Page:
The list has been criticized by authors, publishers, book industry executives, and others for not providing an accurate accounting of true best-seller status.These criticisms have been ongoing ever since the list originated. A book industry report in the 1940s found that best-seller lists were a poor indicator of sales, since they were based on misleading data and were only measuring fast sales (see "fast sale" criticism below). A 2004 report quoted a senior book marketing executive who said the rankings were "smoke and mirrors"; while a report in Book History found that many professionals in the book industry "scoffed at the notion that the lists are accurate".
Specific criticisms include:
In 1983, author William Peter Blatty sued The New York Times for $6 million, claiming that his latest book, Legion (filmed as The Exorcist III ), had not been included in the list due to either negligence or intentional falsehood, saying it should have been included due to high sales.The Times countered that the list was not mathematically objective but rather was editorial content and thus protected under the Constitution as free speech. Blatty appealed it to the Supreme Court, which declined to hear the case. Thus, the lower court ruling stood that the list is editorial content, not objective factual content, so the Times had the right to exclude books from the list.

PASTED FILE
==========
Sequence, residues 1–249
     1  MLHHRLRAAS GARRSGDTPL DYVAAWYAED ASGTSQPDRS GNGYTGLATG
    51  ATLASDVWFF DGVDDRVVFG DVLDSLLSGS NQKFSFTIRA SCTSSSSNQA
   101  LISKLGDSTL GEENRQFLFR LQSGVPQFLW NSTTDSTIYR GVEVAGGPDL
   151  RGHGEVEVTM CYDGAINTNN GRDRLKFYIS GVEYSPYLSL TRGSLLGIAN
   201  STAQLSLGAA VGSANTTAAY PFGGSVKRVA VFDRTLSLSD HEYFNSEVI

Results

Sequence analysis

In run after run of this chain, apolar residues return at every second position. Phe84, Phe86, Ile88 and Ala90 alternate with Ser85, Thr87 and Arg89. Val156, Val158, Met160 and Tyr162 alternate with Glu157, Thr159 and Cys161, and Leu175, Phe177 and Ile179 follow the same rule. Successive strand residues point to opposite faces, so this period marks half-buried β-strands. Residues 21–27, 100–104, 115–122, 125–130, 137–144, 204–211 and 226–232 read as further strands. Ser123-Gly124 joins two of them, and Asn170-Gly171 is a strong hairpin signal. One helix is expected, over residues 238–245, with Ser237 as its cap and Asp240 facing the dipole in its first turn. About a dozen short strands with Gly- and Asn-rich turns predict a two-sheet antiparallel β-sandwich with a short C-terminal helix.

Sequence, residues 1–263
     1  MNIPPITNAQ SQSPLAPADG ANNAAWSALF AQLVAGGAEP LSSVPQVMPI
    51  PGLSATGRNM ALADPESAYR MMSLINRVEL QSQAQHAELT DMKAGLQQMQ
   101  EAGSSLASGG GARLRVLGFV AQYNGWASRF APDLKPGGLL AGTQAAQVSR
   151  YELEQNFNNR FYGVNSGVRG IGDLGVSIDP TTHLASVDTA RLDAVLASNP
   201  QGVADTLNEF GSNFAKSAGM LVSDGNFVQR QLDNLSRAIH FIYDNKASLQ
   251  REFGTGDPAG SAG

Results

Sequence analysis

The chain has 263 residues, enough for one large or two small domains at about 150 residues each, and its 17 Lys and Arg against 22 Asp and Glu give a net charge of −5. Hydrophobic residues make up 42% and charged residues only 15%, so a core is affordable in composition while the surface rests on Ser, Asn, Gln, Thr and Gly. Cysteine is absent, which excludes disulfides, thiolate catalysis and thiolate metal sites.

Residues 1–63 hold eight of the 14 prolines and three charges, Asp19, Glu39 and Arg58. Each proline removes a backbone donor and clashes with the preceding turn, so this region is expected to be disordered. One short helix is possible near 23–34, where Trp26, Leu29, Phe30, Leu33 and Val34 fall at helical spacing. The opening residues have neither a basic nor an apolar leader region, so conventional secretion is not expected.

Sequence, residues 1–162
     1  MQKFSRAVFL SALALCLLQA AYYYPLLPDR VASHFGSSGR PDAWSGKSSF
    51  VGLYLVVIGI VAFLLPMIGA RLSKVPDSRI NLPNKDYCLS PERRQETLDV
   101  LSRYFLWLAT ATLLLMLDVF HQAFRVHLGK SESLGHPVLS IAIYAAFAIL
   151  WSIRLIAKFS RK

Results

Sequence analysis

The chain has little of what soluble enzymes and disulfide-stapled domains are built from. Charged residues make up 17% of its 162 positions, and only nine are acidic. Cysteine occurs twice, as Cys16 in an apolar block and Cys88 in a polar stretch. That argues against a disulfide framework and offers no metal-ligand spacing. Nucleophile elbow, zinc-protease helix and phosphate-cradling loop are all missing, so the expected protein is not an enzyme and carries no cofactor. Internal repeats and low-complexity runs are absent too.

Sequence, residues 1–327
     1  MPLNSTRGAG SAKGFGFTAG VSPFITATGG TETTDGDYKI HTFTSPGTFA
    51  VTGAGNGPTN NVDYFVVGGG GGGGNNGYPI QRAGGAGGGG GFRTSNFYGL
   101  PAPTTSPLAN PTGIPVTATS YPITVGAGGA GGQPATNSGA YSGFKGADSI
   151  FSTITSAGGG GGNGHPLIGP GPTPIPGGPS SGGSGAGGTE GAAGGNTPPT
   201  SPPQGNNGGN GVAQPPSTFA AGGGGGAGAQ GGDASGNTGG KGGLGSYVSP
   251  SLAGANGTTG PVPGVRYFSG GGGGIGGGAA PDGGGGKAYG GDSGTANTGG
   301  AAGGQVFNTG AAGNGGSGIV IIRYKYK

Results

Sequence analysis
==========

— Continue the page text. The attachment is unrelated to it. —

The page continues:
In 1995, Michael Treacy and Fred Wiersema, the authors of a book called The Discipline of Market Leaders , colluded to manipulate their book onto the best seller charts. The authors allegedly purchased over 10,000 copies of their own book in small and strategically placed orders at bookstores whose sales are reported to BookScan. Because of the benefits of making The New York Times Best Seller list (speaking engagements, more book deals, and consulting) the authors felt that buying their own work was an investment that would pay for itself. The book climbed to No. 4 on the list where it sat for 15 weeks; it also peaked at No. 1 on the BusinessWeek best seller list. Since such lists hold the power of cumulative advantage, chart success often begets more chart success. Although such efforts are not illegal, publishers consider them unethical.
In 1999, Amazon.com announced a 50 percent decrease in price for books on the Best Seller List to beat its competition, Barnes & Noble.After a legal dispute between Amazon and The New York Times, Amazon was permitted to keep using the list on condition that it displayed it in alphabetical rather than numerical order. By 2010, this was no longer the case; Amazon now displays the best-seller list in order of best-selling titles first.